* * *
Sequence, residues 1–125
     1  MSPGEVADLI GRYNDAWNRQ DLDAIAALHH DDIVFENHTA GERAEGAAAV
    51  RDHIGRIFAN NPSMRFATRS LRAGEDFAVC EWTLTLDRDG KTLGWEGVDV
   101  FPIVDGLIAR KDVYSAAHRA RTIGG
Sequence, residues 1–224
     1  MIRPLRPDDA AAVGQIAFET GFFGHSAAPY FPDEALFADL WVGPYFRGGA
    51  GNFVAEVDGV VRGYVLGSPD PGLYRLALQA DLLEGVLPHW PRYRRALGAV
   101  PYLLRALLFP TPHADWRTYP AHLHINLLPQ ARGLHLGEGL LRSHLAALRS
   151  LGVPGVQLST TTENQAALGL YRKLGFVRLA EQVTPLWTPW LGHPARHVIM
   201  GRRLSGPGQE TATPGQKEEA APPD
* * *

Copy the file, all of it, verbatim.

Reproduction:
Sequence, residues 1–125
     1  MSPGEVADLI GRYNDAWNRQ DLDAIAALHH DDIVFENHTA GERAEGAAAV
    51  RDHIGRIFAN NPSMRFATRS LRAGEDFAVC EWTLTLDRDG KTLGWEGVDV
   101  FPIVDGLIAR KDVYSAAHRA RTIGG
Sequence, residues 1–224
     1  MIRPLRPDDA AAVGQIAFET GFFGHSAAPY FPDEALFADL WVGPYFRGGA
    51  GNFVAEVDGV VRGYVLGSPD PGLYRLALQA DLLEGVLPHW PRYRRALGAV
   101  PYLLRALLFP TPHADWRTYP AHLHINLLPQ ARGLHLGEGL LRSHLAALRS
   151  LGVPGVQLST TTENQAALGL YRKLGFVRLA EQVTPLWTPW LGHPARHVIM
   201  GRRLSGPGQE TATPGQKEEA APPD